According to Dr. Arnold Pineda, there are only two people in the Philippines suffering from it. Richard is the third.
He used to be a construction worker who was wounded in the construction site in 2016. He did not tell anybody about it and self-medicated. But when Richard started limping and had occasional fainting spells, his mother Agnes wondered. She offered to take Richard to the doctor but it was only when his condition worsened did he agreed.
According to the National Inssitute of Neurological Disorders and Stroke, patients of SPS usually complain of “fluctuating muscle rigidity in the trunk and limbs. He also experienced heightened sensitivity to stimuli such as noise, touch, and emotional distress, which can set off muscle spasms.”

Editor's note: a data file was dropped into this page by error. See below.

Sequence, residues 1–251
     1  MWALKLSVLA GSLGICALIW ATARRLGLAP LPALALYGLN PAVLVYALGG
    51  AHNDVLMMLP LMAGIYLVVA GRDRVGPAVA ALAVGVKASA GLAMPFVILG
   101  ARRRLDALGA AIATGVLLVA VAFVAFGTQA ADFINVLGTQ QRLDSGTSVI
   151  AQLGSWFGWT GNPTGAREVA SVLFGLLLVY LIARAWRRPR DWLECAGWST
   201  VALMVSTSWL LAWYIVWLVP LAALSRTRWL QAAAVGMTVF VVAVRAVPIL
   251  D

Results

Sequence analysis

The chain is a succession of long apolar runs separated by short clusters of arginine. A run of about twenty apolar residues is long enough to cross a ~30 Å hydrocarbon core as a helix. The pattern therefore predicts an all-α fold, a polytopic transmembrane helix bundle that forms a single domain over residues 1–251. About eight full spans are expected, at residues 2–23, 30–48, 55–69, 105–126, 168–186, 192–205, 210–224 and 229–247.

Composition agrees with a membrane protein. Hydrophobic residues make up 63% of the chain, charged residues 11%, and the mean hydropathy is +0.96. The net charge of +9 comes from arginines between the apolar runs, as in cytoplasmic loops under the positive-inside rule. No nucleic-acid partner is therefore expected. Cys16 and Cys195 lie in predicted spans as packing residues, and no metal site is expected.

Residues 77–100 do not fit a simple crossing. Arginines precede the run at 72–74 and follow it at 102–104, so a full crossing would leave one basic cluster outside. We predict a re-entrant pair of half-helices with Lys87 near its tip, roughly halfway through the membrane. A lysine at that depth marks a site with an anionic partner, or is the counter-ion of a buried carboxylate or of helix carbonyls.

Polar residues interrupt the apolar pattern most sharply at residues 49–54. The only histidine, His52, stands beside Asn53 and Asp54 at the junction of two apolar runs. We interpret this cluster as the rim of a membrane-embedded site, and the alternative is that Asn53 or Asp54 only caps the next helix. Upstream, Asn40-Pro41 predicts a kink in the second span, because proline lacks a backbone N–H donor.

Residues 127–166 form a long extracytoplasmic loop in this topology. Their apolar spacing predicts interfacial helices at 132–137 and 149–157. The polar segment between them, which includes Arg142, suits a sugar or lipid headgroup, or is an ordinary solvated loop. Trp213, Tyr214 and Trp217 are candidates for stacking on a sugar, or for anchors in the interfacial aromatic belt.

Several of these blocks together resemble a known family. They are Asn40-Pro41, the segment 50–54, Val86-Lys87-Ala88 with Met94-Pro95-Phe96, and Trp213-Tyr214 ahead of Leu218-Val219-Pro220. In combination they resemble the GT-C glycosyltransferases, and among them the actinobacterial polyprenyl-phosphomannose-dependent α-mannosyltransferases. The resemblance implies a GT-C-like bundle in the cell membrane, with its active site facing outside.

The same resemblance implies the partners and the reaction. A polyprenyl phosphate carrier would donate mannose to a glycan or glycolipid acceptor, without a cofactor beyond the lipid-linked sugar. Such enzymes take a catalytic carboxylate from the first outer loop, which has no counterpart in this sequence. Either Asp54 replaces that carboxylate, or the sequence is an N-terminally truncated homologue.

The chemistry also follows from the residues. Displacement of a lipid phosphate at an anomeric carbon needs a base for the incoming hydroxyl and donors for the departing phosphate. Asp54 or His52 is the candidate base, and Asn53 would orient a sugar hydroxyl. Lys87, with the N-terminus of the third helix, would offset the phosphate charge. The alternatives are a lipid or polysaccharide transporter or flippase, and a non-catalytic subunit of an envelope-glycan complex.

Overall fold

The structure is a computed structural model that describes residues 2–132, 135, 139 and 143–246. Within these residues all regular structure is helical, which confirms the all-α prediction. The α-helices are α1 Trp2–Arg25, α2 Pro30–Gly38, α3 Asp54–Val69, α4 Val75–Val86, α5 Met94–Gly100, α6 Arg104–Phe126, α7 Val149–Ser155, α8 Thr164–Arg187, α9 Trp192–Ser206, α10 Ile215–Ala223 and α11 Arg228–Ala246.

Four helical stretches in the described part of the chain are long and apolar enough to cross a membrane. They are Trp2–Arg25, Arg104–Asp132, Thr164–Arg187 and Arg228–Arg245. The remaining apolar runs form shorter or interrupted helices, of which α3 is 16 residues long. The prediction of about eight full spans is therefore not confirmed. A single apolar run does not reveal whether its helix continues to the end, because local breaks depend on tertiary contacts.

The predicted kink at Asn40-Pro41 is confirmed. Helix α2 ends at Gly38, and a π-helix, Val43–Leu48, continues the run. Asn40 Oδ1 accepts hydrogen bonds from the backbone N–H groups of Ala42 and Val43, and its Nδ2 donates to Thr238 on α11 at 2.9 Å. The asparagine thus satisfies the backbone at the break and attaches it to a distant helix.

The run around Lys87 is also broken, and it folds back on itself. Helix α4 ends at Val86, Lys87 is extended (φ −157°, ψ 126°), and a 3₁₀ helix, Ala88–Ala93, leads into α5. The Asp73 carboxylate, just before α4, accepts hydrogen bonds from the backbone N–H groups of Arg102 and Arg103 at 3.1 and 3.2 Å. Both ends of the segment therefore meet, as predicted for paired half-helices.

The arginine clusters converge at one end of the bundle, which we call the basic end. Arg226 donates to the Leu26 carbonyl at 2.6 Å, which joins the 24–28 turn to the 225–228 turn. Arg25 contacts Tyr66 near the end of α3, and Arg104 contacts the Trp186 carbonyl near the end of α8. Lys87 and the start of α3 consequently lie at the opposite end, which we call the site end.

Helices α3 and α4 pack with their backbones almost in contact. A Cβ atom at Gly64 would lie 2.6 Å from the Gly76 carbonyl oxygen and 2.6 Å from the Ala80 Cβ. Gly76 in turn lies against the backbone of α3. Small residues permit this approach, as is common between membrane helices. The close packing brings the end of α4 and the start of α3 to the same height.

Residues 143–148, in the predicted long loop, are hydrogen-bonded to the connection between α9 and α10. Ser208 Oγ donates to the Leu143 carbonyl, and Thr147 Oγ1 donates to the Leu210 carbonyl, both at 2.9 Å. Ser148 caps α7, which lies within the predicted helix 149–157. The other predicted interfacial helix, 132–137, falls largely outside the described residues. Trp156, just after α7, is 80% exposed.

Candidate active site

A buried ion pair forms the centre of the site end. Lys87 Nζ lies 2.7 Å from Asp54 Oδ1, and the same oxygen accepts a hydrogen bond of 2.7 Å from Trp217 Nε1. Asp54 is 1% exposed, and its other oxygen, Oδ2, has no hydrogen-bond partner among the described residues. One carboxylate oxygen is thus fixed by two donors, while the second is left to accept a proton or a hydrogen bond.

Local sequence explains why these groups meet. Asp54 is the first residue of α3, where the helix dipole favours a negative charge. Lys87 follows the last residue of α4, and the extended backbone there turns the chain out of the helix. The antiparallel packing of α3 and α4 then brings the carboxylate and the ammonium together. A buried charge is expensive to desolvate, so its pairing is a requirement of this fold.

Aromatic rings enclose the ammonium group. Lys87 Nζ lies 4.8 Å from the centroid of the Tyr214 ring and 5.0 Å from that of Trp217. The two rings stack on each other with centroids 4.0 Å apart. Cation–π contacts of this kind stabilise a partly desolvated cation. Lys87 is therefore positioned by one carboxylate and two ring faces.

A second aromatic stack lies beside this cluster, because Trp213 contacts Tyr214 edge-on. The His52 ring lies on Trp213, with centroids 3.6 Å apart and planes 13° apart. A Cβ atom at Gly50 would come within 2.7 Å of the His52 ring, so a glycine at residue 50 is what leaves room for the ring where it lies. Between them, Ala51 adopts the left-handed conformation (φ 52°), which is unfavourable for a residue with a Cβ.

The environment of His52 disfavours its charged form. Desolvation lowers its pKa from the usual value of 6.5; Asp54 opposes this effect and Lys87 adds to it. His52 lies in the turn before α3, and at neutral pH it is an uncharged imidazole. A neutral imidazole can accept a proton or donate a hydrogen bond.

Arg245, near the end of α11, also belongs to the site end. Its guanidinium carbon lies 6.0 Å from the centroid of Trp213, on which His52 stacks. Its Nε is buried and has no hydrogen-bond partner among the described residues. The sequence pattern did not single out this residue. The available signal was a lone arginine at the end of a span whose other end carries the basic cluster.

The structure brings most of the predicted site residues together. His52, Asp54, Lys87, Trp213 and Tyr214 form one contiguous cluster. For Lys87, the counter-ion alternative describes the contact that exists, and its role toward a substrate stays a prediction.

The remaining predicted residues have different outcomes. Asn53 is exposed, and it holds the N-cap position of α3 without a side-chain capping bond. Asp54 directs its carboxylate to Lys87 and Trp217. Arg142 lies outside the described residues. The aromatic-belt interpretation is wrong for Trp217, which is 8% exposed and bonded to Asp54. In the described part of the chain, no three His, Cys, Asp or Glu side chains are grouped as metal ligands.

It’s what Richard complains of. He is unable to open his palms and is in constant pain – as though his bones are being broken, Richard tried to describe the pain.
“Ang mga kamay ko parang naninigas, masakit na masakit. ‘Yung katawan ko, parang binabarena, parang tinatali. May tumutusok, mas masakit pa sa pilay.”